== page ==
(Liya Rechtman)– I was casually perusing a home friend’s Facebook (otherwise known as ‘stalking’) with some friends over coffee when the notification “Happy Birthday Eve, Rest In Peace” appeared as a little red “1” on the top bar of the page.

That’s right. Friday would have been Eve’s 20th birthday. I had felt queasy that morning when I woke up and I knew something was wrong, but I couldn’t remember just what exactly until Facebook notified me.

Eve and I had gone to the same summer camp for several years. Only once (or maybe twice) in the seven years I went to camp was she in my cabin. We weren’t particularly close. The winter of my freshman year of high school, before our last summer at camp, I saw that Eve had changed her “Interested In” from “Men” to “Men” and “Women.”

I messaged her to tell her that I was cool with her being bisexual. Well, actually, what I said (because I was 14 and not even a little aware of my budding sexuality was):

don worry!
im good @ keeping secrets
esp important 1s, so ur safe.

Eve told me that she had done Day of Silence at her school and been teased for it. I tried to relate. I had tried to do Day of Silence too, but I also sort of used the opportunity to make a big show out of not talking and in order to disrupt my science class. I continued to message with Eve through the spring. She would tell me about kids in her class calling her a “fucking homo” and I would tell her about having the boy who sat next to me in Latin class sign “ROBERT WUZ HERE” with an arrow pointing up in sharpie on the knee fold of my jeans. Our messages ended a couple days before summer camp, with me telling Eve that she should probably delete any contact we had on her wall because she wasn’t out yet to most of our camp friends.

Her response:

eh, w/e, ill live.

A couple days before Eve’s 17th birthday, she killed herself.

On Friday, after reading that notification, I posted “Happy birthday Eve, #RIP” as my Facebook status. It seemed appropriate for a friendship that had taken place in much more depth online than ever in person.

About an hour later, I took it down, disgusted with myself. I hate it when people use Facebook as a forum to air their grief and grievances. Despite my identity as a blogger – and often a highly confessional one at that – I believe in having a certain level of emotional privacy. Remembering the death of a friend didn’t seem like something I should make Facebook – official.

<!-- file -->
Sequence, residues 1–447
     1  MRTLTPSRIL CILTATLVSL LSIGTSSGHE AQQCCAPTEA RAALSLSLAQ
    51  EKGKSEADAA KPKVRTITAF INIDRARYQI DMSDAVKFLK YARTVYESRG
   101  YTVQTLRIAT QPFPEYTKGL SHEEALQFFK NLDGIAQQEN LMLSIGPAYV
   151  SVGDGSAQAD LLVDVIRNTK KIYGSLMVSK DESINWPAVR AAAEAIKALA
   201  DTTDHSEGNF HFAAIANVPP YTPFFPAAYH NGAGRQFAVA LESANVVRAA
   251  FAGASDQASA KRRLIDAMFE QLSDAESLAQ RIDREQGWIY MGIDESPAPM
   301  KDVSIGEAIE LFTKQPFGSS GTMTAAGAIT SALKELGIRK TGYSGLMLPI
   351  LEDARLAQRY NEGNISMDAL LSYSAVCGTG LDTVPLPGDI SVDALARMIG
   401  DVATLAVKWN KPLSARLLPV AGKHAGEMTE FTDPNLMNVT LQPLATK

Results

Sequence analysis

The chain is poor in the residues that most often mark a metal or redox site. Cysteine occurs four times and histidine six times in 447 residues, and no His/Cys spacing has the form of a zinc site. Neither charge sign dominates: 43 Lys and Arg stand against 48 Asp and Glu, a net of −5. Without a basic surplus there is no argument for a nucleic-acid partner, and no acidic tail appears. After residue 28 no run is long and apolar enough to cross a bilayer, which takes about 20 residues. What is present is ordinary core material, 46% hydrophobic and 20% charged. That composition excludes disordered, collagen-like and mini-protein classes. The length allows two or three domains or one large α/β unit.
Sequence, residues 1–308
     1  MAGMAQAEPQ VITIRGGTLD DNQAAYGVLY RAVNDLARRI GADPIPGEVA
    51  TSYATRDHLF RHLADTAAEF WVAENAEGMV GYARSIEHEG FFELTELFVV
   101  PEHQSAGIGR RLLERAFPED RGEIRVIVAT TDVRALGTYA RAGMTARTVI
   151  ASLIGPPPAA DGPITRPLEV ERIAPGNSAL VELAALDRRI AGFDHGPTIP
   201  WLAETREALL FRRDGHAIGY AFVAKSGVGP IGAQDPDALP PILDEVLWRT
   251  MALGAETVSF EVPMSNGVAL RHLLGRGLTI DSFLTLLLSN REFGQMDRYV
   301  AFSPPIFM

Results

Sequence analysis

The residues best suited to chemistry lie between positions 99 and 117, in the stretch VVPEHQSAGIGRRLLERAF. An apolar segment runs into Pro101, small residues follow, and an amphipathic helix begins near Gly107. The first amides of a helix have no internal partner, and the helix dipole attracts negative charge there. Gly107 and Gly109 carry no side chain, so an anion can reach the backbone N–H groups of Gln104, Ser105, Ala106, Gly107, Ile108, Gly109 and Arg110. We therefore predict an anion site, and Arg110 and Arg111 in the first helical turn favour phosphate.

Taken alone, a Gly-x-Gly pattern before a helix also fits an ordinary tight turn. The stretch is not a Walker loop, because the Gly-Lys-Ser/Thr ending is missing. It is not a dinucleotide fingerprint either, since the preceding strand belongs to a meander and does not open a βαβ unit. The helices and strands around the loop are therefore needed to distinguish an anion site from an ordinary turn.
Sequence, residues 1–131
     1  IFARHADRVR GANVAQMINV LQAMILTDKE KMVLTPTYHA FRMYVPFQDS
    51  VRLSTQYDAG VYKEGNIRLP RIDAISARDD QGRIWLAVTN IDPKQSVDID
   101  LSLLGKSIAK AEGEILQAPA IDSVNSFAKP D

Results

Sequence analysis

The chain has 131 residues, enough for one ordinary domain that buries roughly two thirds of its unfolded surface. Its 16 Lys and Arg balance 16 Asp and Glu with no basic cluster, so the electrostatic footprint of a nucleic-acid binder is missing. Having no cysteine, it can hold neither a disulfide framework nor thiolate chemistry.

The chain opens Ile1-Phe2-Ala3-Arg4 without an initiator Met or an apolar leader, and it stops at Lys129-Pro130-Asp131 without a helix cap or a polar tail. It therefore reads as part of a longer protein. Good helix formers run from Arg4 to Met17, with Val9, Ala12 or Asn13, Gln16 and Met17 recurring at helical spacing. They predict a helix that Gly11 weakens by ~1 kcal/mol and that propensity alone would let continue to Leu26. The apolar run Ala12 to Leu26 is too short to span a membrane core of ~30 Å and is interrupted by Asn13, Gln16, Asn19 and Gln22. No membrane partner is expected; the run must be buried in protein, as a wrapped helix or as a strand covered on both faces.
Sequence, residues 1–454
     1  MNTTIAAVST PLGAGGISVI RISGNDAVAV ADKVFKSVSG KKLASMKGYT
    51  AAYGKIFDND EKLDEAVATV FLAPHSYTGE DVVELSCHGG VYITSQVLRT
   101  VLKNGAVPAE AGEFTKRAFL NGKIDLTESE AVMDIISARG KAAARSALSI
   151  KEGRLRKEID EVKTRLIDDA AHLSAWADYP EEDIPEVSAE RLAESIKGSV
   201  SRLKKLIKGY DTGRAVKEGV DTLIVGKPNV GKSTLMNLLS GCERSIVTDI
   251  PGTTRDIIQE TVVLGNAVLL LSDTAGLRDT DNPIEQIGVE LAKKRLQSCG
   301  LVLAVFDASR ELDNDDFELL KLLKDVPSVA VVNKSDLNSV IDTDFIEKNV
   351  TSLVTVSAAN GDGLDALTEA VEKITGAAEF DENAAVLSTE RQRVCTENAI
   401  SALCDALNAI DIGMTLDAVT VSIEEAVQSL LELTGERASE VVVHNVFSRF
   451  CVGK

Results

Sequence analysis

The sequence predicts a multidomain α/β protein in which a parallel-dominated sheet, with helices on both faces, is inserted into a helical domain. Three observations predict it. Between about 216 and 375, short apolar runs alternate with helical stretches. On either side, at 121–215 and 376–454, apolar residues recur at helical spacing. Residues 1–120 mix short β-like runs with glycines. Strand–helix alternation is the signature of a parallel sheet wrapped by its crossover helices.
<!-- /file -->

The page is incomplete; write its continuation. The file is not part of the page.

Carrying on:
In ancient Judaism, people in mourning would walk the opposite way from the crowd up the steps to the Holy Temple in Jerusalem. This was intended to make them more easily identifiable. Today, for the first seven days of mourning, the family of the deceased are not allowed to look in a mirror or serve themselves food and they have to sit on wooden boxes low to the ground instead of chairs. These rituals are all intended to draw attention to the mourner. Jewish tradition wants people in grief to have an outlet to make their feelings of pain, guilt, shame, anger, known to the community.

On Friday night, the participants of my program held a Shabbat service. Prayers were beautiful – well lead and well followed by a group of Jewish kids who know their way around Mishkan (the Reform prayer book). The drash (sermon) focused on what it means to not attain perfect justice, and the recognition that we live in a deeply damaged world. The world of the Torah, where absolute good and divine inspiration ultimately triumph over evil, is not our world.

I was already shaking when the time for Mourner’s Kaddish came. I offered Eve’s name up to be mourned by the community. Kaddish forced me to vocalize, to share with my group that I was grieving. The song leader mouthed across the room asking if I was okay and the boy next to me rubbed my shoulder.

Mourning had once again become a communal experience. Prayer, however, as opposed to Facebook status, actually began to lift me from the grief I had been feeling all afternoon. This was an outlet I hadn’t found with Eve at all. The Shabbat evening service was live, not live-streamed, and in that fully human forum I could express, almost wordlessly, all the complexity of what it meant for me to lose Eve.

<3 ConstantLy Liya Rechtman